Urease and other nickel metalloenzymes are synthesised as precursors devoid of the metalloenzyme active site. These precursors then undergo a complex post-translational maturation process that requires a number of accessory proteins.
Members of this group are nickel-binding proteins required for urease metallocentre assembly . They are believed to function as metallochaperones to deliver nickel to urease apoprotein [12072968, 10753863]. It has been shown by yeast two-hybrid analysis that UreE forms a dimeric complex with UreG in Helicobacter pylori . The UreDFG-apoenzyme complex has also been shown to exist [11157956, 7721685] and is believed to be, with the addition of UreE, the assembly system for active urease . The complexes, rather than the individual proteins, presumably bind to UreB via UreE/H recognition sites.
The structure of Klebsiella aerogenes UreE reveals a unique two-domain architecture.The N-terminal domain is structurally related to a heat shock protein, while the C-terminal domain shows homology to the Atx1 copper metallochaperone [11591723, 11602602]. Significantly, the metal-binding sites in UreE and Atx1 are distinct in location and types of residues despite the relationship between these proteins and the mechanism for UreE activation of urease is proposed to be different from the thiol ligand exchange mechanism used by the copper metallochaperones.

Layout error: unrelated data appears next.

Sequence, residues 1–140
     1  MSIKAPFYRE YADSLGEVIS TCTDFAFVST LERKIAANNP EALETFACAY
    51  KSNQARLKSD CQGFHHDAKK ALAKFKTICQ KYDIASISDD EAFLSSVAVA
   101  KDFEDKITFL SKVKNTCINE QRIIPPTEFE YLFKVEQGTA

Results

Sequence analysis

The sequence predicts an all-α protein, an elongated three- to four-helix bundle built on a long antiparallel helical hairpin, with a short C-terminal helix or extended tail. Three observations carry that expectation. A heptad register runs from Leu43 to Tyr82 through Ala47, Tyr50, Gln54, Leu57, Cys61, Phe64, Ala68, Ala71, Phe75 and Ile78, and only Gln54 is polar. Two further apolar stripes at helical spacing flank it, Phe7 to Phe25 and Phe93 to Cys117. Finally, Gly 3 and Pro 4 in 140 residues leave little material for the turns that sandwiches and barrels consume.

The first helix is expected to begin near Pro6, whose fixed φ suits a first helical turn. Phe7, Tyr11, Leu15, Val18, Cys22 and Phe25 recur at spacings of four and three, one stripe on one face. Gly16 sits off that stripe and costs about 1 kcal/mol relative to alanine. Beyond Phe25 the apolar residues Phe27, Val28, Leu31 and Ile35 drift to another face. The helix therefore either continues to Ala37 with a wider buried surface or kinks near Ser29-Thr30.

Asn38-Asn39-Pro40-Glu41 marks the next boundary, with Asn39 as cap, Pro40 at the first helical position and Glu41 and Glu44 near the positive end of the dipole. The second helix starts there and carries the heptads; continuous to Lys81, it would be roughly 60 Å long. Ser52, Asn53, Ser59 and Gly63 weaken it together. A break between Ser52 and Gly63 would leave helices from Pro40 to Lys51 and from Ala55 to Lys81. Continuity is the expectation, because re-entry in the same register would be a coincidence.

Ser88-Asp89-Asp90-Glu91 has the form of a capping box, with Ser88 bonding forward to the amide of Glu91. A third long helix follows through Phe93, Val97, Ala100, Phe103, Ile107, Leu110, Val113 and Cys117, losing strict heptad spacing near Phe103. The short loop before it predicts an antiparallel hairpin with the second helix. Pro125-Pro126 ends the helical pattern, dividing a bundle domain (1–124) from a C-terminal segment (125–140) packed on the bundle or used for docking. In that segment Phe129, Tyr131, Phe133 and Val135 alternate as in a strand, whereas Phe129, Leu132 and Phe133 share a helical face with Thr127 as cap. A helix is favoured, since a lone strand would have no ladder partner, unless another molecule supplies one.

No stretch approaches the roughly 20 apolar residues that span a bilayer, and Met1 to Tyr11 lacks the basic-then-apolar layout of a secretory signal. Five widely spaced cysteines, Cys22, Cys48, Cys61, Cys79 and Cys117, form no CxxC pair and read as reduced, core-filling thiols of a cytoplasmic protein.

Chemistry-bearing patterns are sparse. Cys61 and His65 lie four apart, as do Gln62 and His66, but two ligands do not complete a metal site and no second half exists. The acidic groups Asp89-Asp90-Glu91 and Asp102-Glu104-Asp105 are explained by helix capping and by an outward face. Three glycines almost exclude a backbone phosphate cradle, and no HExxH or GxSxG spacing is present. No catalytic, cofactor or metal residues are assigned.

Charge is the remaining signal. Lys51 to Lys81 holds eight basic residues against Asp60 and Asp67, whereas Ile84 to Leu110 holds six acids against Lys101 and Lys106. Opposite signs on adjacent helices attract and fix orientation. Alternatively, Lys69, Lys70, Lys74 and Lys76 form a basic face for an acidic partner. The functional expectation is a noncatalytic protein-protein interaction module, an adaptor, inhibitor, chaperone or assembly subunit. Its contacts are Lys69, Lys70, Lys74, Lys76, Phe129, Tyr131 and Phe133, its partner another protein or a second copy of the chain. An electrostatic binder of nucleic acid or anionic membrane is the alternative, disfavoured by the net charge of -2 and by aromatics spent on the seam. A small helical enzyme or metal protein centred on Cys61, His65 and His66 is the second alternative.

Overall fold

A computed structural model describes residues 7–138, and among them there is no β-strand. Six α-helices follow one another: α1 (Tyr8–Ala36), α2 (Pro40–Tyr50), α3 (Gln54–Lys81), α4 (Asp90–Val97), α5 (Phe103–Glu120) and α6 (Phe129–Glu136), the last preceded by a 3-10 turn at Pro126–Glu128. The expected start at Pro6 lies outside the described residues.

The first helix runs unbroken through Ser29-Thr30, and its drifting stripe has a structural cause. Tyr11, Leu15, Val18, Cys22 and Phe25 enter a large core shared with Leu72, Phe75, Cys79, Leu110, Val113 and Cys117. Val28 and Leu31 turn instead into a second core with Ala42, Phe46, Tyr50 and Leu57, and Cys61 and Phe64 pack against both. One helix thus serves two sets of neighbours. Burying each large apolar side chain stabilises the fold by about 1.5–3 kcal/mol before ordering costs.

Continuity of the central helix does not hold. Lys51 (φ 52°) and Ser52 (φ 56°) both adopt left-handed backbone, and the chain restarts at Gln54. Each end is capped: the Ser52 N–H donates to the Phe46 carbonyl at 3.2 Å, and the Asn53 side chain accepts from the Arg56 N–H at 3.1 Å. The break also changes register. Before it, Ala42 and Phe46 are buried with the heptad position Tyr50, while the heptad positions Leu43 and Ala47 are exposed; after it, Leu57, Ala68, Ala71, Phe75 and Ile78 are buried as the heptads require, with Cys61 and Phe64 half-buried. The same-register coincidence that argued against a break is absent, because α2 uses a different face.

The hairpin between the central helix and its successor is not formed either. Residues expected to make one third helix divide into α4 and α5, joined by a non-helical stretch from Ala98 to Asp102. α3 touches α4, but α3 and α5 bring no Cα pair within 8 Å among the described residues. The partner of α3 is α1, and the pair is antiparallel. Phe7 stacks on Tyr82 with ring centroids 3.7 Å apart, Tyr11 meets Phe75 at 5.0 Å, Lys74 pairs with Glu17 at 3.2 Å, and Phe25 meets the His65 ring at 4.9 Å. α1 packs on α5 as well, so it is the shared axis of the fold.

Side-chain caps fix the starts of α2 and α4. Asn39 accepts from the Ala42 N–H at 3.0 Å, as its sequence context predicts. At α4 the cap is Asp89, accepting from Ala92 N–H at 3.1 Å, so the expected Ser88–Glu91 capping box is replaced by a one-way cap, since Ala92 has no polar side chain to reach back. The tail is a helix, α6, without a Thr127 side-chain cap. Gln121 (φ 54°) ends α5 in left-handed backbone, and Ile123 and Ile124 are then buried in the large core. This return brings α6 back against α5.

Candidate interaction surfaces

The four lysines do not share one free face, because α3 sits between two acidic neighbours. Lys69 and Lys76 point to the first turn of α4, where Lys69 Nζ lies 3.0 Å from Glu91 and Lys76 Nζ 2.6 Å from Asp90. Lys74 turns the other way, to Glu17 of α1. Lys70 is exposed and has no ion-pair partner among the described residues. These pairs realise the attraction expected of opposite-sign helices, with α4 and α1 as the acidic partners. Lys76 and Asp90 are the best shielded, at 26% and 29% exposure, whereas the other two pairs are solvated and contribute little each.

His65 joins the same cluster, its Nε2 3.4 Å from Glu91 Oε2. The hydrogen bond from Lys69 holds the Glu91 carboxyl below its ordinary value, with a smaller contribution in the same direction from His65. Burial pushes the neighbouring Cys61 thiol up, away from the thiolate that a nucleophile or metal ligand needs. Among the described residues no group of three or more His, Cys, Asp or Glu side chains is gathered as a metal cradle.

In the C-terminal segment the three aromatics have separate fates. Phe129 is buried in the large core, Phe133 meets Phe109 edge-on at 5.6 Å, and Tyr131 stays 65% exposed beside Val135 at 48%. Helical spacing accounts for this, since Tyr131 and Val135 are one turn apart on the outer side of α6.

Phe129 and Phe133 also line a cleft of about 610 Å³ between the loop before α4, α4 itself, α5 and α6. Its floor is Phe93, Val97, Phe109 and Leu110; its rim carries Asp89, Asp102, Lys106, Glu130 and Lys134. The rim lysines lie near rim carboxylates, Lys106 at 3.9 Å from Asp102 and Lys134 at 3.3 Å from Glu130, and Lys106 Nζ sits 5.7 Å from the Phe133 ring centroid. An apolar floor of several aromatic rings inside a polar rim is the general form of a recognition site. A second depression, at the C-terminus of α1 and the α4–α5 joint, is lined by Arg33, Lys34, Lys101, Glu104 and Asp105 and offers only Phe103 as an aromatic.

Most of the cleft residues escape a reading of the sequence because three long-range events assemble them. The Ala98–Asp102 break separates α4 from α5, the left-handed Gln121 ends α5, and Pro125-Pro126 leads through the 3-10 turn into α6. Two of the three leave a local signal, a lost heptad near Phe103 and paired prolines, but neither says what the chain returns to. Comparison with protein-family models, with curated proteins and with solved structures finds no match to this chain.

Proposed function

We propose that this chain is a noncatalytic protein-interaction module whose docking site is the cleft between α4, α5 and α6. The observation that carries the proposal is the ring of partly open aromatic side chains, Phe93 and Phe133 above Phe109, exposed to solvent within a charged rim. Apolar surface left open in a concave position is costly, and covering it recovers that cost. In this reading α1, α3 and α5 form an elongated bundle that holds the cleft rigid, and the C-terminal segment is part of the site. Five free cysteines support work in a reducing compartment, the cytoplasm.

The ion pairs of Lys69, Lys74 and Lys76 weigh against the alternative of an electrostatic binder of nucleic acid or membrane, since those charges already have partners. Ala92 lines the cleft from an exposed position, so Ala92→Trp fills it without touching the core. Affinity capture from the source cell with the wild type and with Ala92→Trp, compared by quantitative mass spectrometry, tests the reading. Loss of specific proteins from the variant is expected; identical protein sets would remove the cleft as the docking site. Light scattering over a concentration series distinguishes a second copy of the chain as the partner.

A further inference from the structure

The C-terminal domain of this protein is the metal-binding region, which can bind up to six Ni molecules per dimer. Most members of this group contain a histidine-rich C-terminal motif that is involved in, but not solely responsible for, binding nickel ions in Klebsiella aerogenes UreE . However, internal ligands, not the histidine residues at the C terminus, are necessary for UreE to assist in urease activation in Klebsiella aerogenes , even though the truncated protein lacking the His-rich region binds two nickel ions instead of six. In Helicobacter pylori and some other organisms, the terminal histidine-rich binding sites are absent, but the internal histidine sites are present, and the latter probably function as nickel donors. Deletion analysis shows that this domain alone is sufficient for metal-binding and activation of urease .